Read the original story in Chinese at World Journal
Translated by Rong Xiaoqing
Although confirmed cases of COVID-19 are still accumulating in New York, many shops in Chinese-concentrated Sunset Park, Brooklyn have reopened, or are ready to do so.
A milk tea shop on Eighth Avenue even had a long queue of people in front of its newly-opened doors on May 6. Shop owners said they are taking precautions, and have prepared personal protective equipment (PPE) for customers.
Though it was rainy, the shops that had just reopened were welcoming an influx of customers that day. The street, with more cars and pedestrians, was reminiscent of the hustle and bustle before the pandemic. On the blocks from 60th to 56th streets, about half of the shops had reopened, with fresh fruit and vegetable vendors pitching their wares to customers.
Supermarkets, seafood markets, Chinese medicine stores, cellphone stores, restaurants and clothing boutiques had also opened their doors. Trying to buy a cup of milk tea at the milk tea parlor at the intersection of Eighth Avenue and 59th Street? Well, be prepared to wait for half an hour in the queue.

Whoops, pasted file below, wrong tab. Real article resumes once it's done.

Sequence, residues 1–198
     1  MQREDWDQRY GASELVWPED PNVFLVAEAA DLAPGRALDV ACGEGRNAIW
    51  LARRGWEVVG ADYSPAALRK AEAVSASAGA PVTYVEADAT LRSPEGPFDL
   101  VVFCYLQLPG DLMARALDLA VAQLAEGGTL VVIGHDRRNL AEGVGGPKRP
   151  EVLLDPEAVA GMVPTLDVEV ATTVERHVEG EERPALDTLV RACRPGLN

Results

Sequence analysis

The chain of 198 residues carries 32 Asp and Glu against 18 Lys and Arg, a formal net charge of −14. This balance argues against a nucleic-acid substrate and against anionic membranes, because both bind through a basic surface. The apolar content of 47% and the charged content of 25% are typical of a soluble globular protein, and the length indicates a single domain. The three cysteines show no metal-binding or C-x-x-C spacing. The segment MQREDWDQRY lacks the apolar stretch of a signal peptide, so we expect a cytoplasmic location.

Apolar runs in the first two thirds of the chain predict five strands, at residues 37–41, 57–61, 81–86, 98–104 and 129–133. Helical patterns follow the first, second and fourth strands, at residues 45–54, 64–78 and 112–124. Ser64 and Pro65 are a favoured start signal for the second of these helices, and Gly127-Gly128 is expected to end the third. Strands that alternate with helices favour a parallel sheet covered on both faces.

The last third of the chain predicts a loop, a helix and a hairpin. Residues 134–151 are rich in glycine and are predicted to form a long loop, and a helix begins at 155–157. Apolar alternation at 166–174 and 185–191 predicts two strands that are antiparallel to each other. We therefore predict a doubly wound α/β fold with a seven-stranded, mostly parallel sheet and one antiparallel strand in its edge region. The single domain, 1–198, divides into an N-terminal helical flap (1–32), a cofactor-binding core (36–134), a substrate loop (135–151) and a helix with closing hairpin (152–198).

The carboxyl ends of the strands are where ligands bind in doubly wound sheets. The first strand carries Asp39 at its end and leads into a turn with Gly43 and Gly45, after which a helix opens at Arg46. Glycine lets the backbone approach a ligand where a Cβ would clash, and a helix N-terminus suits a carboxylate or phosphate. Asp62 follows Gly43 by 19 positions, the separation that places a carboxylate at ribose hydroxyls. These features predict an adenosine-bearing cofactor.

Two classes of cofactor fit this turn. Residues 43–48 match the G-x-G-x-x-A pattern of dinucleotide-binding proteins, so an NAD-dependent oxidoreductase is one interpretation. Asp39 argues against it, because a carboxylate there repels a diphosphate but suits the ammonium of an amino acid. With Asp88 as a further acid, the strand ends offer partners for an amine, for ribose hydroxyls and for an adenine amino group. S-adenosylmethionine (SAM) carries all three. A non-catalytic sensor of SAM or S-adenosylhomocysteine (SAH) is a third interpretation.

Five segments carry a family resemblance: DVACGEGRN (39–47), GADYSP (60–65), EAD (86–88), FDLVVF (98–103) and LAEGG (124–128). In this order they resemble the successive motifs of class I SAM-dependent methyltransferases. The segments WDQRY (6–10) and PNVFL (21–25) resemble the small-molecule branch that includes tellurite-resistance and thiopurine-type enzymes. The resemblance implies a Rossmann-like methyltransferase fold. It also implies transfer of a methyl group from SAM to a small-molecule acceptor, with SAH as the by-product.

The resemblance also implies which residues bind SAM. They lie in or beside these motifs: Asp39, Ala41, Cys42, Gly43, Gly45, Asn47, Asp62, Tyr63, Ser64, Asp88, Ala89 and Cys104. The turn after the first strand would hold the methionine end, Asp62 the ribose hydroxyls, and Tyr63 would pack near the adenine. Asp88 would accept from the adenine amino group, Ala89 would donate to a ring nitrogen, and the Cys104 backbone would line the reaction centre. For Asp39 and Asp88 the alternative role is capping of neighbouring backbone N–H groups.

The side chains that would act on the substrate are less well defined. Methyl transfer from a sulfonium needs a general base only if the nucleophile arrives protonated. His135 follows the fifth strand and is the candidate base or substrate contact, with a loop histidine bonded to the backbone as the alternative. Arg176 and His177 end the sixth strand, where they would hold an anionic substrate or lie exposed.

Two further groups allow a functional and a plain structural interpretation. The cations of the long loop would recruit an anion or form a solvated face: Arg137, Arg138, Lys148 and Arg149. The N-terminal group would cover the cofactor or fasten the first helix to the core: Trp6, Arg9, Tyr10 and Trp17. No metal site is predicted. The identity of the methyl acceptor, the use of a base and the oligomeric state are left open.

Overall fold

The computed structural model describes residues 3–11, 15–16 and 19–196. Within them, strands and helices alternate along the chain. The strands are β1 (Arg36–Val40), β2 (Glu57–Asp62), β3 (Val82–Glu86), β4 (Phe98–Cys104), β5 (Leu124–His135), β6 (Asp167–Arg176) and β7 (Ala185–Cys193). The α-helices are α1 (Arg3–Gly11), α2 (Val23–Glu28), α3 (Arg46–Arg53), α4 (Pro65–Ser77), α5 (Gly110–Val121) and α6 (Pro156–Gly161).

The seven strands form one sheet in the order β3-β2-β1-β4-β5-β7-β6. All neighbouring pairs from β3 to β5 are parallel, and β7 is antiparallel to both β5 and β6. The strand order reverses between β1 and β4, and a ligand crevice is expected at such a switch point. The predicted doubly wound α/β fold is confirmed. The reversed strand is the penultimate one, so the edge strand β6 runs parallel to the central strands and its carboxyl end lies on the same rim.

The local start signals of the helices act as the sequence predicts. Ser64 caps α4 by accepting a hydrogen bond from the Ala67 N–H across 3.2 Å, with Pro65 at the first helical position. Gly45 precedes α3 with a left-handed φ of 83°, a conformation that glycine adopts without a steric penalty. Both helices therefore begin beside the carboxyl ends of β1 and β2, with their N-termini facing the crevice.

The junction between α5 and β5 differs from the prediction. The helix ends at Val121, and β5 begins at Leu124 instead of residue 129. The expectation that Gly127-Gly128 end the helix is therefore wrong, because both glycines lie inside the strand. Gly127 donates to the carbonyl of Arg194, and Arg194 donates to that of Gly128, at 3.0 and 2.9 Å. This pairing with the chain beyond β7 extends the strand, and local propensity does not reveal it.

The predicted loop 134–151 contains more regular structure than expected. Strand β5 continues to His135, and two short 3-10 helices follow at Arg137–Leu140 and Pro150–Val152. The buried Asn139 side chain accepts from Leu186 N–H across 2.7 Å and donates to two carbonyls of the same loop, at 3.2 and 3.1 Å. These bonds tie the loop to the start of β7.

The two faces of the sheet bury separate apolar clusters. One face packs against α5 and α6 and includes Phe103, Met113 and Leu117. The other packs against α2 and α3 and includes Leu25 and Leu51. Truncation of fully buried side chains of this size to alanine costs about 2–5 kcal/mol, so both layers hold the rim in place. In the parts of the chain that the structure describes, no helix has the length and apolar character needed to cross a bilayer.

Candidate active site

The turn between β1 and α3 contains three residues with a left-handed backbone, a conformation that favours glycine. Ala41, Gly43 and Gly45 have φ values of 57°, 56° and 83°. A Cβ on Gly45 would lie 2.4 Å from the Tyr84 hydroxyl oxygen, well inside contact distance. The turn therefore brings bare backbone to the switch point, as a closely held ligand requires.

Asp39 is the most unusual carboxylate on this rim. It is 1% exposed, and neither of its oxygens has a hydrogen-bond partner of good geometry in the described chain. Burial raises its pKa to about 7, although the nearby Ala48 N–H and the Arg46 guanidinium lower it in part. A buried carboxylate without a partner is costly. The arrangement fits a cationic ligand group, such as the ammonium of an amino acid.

Ms. Lin, who was waiting in line at the shop, said that it was for her two children. “It’s not easy for small children to have to stay at home all the time,” said Lin. “I am buying some milk tea to reward their efforts.”
Ms. Lin said she came on the previous day as well. But the shop only takes credit-card payments now to avoid spreading the virus, and she didn’t have a credit card with her then, so she had to come back.
In addition to the “credit card only” policy, the store also adjusted its layout to make it safer: The cashier’s desk is now right at the door, behind a transparent shield. When the milk tea is ready, the cashier lifts a window on the shield and serves the tea cups in a push drawer to the customer waiting outside. Customers and employees have no physical contact in the process.
Nearby, a Chinese herb store was requiring all customers to wait outside. A sign on its door said: “Please knock, offer your name and DOB, and then wait for your medicines at the door for a few minutes, or take a walk somewhere else and come back later.”
Other shops have also taken careful precautions, with posters on the door requiring all customers to wear masks, and all employees in shops donning full protection equipment, including masks and head-to-toe suits.